More than 650 Iranians died from Covid-19 during a 24-hour period at the start of this week. Around the same time, large segments of the country entered into their latest government-imposed lockdown, but the mitigation measures are only scheduled to last six days, will be accompanied by zero financial support for a financially beleaguered population, and will most likely be only weakly enforced. That weakness appears all the more negligent when viewed in context with the regime’s recent willingness to open fire on crowds and conduct mass arrests in order to disrupt public demonstrations against various government policies and practices.
Iran is presently in the midst of its fifth wave of coronavirus infections. The peak of that wave may still be some weeks off, and it is conceivable that the brief lockdown will only exacerbate the problem by allowing new infections to incubate in isolation but not run their course before people once again flood into public places in a desperate effort to make a living while also burying and mourning their deceased loved ones.
Authorities previously made concerted efforts to blame US sanctions for the severity of the crisis, but over time it has become clear to even the most casual observers that the sanctions are not preventing the import of vaccines or other life-saving drugs. Quite to the contrary, American philanthropists attempted to donate tens of thousands of vaccine doses to Iran very soon after they became available, but it was the regime’s Supreme Leader Ali Khamenei who prevented the deal from being concluded when he announced that no American or British-made vaccines would be permitted for distribution to Iranians. As a direct consequence of this obstructionism, Iran has struggled to get beyond a vaccination rate of three percent. Furthermore, existing vaccination records skew heavily toward the wealth and the well-connected. Khamenei tasked corrupt entities affiliated with the Islamic Revolutionary Guard Corps to handle vaccine distribution. As a result, after being assured by the Health Ministry that vaccinations would be free, Iranians found that many of the available doses were making their way to the black market, where they appeared with prohibitive price tags of up to 1,350 dollars each.
Khamenei’s propaganda regarding the effects of US sanctions was further dismantled this month by an unlikely sources when the head of Tehran’s Covid-19 committee spoke to state media outlets and broke away from aspects of the official narrative. Dr. Alireza Zali said, among other things, that limitations on the import of foreign vaccines were neither imposed upon the Islamic Republic nor motivated by genuine concerns among the regime’s leadership, but were the result of cost-cutting measures.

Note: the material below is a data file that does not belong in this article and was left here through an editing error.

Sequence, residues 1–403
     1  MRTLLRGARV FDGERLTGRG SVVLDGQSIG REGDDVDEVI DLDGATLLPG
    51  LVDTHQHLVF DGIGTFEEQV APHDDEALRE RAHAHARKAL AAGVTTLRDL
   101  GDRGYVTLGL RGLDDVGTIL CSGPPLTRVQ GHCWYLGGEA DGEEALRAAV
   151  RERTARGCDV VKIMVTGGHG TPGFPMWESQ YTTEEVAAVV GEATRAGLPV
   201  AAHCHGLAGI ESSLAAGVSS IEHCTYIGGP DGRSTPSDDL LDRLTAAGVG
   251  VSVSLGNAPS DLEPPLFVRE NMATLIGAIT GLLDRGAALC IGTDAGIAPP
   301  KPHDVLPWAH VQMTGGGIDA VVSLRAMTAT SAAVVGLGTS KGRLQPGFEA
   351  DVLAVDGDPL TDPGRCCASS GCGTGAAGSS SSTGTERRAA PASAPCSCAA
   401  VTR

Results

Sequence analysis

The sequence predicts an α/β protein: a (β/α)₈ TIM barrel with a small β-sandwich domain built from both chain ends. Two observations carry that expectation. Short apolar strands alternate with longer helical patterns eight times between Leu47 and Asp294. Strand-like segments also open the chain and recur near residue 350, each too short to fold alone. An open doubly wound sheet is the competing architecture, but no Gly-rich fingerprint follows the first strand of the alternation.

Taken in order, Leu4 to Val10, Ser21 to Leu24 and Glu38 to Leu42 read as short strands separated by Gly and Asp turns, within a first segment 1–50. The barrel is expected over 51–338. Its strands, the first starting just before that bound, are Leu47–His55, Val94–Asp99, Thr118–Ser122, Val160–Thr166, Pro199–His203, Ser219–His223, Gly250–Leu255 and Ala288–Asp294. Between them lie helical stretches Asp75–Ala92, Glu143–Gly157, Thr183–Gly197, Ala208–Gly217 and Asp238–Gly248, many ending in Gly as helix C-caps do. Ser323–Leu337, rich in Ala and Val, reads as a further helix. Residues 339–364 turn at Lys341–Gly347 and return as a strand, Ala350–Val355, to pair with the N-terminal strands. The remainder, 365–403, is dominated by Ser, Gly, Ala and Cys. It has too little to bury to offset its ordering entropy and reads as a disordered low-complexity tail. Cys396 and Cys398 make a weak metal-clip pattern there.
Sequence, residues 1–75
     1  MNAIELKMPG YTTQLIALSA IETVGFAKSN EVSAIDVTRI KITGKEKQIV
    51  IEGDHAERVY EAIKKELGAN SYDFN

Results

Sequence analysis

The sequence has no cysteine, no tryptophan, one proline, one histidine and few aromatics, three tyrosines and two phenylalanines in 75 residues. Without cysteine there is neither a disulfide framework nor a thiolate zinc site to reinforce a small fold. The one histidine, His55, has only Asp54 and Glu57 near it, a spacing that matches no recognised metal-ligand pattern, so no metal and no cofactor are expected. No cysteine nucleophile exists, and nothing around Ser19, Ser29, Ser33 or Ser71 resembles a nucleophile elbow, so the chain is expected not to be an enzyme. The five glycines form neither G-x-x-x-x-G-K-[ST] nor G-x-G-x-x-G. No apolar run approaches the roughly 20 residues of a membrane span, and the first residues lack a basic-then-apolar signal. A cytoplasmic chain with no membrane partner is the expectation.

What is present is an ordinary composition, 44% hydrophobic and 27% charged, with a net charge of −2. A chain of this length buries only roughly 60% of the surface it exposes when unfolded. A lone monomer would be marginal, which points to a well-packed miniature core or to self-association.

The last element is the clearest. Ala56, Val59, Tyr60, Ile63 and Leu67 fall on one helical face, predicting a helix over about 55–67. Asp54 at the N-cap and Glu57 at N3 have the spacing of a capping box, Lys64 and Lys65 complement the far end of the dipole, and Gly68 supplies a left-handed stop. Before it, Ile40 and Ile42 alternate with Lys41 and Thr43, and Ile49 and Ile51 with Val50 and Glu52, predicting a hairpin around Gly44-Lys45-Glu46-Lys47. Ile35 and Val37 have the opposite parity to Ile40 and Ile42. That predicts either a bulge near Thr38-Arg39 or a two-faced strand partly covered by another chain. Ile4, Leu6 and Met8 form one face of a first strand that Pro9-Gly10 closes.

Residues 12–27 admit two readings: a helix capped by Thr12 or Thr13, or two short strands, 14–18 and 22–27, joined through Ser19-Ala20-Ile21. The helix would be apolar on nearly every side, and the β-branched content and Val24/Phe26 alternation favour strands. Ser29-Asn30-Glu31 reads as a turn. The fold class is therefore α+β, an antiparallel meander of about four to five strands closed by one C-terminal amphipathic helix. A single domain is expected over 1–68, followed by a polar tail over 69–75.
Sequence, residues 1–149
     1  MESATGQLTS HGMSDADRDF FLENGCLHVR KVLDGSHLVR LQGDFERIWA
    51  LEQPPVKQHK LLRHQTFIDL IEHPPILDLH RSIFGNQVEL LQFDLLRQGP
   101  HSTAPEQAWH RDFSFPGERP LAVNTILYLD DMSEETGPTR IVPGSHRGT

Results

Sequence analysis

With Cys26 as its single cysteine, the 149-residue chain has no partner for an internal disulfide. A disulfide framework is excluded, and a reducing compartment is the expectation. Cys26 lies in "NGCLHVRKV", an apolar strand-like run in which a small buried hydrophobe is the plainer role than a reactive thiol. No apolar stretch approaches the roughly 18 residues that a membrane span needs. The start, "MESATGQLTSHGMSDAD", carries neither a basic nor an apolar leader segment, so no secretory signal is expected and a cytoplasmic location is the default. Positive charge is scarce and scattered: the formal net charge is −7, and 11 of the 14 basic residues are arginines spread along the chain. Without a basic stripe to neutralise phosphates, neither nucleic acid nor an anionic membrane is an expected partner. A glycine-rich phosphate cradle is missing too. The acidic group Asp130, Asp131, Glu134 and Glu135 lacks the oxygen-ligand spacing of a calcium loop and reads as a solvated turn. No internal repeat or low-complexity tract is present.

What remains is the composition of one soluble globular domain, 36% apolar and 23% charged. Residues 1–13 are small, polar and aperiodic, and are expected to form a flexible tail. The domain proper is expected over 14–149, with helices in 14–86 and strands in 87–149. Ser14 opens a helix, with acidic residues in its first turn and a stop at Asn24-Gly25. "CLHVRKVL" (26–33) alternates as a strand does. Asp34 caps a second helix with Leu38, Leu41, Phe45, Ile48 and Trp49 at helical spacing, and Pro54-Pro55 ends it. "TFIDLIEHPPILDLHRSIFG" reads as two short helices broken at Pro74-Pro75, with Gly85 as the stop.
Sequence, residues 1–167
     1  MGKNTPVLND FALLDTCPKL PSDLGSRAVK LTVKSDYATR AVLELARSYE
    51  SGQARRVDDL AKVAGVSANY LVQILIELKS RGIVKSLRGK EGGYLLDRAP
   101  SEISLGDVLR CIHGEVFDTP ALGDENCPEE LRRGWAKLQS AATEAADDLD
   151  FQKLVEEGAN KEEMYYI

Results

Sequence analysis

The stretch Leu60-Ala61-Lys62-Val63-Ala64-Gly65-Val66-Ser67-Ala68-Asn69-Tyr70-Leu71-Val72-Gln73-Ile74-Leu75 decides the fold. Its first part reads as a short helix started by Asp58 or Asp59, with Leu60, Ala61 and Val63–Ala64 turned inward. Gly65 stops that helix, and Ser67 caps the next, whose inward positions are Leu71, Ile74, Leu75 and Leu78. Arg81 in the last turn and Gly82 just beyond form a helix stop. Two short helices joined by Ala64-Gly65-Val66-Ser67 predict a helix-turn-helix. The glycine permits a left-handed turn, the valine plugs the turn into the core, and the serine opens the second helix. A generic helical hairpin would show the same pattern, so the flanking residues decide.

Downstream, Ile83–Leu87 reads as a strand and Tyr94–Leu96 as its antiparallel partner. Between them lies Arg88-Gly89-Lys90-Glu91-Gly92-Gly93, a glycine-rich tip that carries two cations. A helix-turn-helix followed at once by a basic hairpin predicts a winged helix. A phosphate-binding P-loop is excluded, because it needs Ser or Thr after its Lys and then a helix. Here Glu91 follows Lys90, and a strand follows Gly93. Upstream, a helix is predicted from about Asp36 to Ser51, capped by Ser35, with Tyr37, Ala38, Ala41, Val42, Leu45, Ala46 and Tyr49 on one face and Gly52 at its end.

Those measures reflect the same stinginess and self-serving priorities that prevented the regime from offering significant material support to the civilian population during the current lockdown or any of other brief and weakly-enforced lockdowns that occurred much earlier in the pandemic. Whereas apologists for the regime would no doubt be quick to blame that lack of support on US sanctions as well, this narrative falls apart as soon as one notices that Tehran’s funding of foreign proxies, ballistic missile development, and nuclear provocations has not diminished during the same period. In fact, the regime has not only proceeded without abatement to its repressive measures and force-projection; it has done so while maintaining a substantial cushion of reserve capital in the form of so-called religious foundations and regime-linked business entities. The National Council of Resistance of Iran has long emphasized that Iranian authorities have the means to help the people through a crisis like the coronavirus pandemic, but lack only the will. Supreme Leader Khamenei and the IRGC are each reported to control hundreds of billions of dollars in assets, and some analyses even show that the IRGC’s activities, through front companies, account for the vast majority of Iran’s GDP.
Such hardline entities are far too preoccupied with preserving and expanding their own power to have any interest in spending significant quantities of those resources on the needs of the Iranian people. In fact, the regime’s supreme leader described the pandemic as a “blessing,” in order to deliberately prolonging the crisis in order to forestall public unrest that might lead to the ouster of the theocratic dictatorship.
In January 2018, Iran was rocked by a nationwide uprising that encompassed well over 100 cities and towns while bringing provocative slogans like “death to the dictator” into the mainstream. In November 2019, a similar uprising broke out spontaneously across nearly 200 localities and presented the regime with so great a challenge that authorities responded by opening fire on crowds and killing 1,500 people in a matter of days. Nonetheless, countless Iranians were back out in the streets of more than a dozen provinces the following January, and the pattern of uprisings only seemed to arrive at a pause after the first coronavirus outbreaks spiraled out of control.
While those outbreaks did apparently keep the unrest in check for a time, the effect seems to have diminished in recent months and especially after the June 18 “election” of notorious human rights abuser Ebrahim Raisi as the regime’s next president. In a recent statement on its official website, the NCRI suggested that in the wake of that election, Iranians have become keenly aware of the regime’s disregard for their rights and wellbeing. The statement went on to say that those people know, “the regime has caused and amplified the current Covid-19 crisis, and Khamenei has failed in controlling the restive society using the Covid-19 outbreak. What he once called a ‘blessing’ had become a nightmare for him and his regime.”